Approved by Council: September 2003
Reviewed and Updated: May 2011
Policies of the College of Physicians and Surgeons of Ontario (the “College”) set out expectations for the professional conduct of physicians practising in Ontario. Together with the Practice Guide and relevant legislation and case law, they will be used by the College and its Committees when considering physician practice or conduct.
Within policies, the terms ‘must’ and ‘advised’ are used to articulate the College’s expectations. When ‘advised’ is used, it indicates that physicians can use reasonable discretion when applying this expectation to practice.
Postgraduate Trainees (“trainees”)1: Physicians who hold a degree in medicine and are continuing in postgraduate medical education. Regardless of the class of certificate of registration held, postgraduate trainees cannot practice independently within the confines of the training program.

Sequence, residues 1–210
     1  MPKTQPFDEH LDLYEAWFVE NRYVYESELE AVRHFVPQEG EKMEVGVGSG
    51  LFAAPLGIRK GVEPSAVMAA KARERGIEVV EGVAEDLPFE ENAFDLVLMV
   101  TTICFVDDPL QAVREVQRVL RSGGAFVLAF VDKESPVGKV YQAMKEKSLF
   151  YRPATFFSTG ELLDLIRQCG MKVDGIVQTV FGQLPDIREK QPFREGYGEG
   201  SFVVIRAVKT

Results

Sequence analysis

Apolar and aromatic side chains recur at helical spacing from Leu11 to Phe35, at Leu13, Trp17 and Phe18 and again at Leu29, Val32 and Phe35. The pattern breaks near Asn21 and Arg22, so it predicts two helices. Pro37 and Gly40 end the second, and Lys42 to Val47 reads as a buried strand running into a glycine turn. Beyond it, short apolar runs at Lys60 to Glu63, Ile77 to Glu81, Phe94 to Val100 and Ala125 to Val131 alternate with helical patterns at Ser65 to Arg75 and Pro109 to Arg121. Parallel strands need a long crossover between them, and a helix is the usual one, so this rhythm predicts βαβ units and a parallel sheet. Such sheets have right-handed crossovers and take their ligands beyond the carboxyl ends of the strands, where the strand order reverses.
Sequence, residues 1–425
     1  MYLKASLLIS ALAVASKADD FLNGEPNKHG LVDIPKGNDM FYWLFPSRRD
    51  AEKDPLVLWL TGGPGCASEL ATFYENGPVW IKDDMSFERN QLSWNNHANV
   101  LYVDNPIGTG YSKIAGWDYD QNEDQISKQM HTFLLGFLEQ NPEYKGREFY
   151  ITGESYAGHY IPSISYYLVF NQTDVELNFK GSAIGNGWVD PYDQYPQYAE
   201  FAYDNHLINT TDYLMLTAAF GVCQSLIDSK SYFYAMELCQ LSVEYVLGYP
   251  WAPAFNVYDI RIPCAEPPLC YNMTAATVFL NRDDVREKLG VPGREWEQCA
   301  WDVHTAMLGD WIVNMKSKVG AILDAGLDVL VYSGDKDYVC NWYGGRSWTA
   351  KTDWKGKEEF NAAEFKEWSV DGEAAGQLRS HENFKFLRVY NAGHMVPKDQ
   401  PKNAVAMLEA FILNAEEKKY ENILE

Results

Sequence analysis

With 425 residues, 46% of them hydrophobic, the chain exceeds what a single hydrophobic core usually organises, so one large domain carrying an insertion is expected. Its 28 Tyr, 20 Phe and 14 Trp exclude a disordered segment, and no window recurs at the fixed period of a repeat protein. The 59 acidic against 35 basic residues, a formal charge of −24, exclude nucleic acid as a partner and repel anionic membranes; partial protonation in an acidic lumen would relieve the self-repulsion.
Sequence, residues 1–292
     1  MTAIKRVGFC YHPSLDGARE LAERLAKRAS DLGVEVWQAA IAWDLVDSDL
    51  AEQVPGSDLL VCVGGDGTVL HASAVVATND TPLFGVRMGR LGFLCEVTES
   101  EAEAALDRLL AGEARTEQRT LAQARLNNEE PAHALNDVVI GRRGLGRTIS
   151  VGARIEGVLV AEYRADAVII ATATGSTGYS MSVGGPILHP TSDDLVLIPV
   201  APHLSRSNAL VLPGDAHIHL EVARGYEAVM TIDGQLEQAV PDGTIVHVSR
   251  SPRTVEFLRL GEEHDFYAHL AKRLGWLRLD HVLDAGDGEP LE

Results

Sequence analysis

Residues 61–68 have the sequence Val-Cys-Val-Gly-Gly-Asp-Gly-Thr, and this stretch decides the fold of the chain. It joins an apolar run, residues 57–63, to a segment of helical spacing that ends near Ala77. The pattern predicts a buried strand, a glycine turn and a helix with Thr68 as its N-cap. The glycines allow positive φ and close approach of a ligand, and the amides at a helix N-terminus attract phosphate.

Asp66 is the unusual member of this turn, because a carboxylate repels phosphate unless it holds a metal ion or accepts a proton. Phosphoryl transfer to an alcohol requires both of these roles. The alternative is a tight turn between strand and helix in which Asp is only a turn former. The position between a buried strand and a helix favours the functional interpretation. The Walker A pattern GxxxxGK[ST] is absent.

Most Responsible Physician (“MRP”): The physician who has final accountability for the medical care of a patient when the trainee is providing care.
Supervisors: Physicians who have taken on the responsibility by their respective training programs to guide, observe and assess the educational activities of trainees. The supervisor of a trainee involved in the care of a patient may or may not be the most responsible physician for that patient. Residents or fellows often serve in the role of supervisors, but do not act as the most responsible physician for patient care.
- While this policy focuses on professional responsibilities in the postgraduate environment, supervisors and trainees must be familiar with other applicable CPSO policies including, but not limited to Delegation of Controlled Acts, Mandatory Reporting, Consent to Treatment, Disclosure of Harm, Medical Records, and Physician Behaviour in the Professional Environment.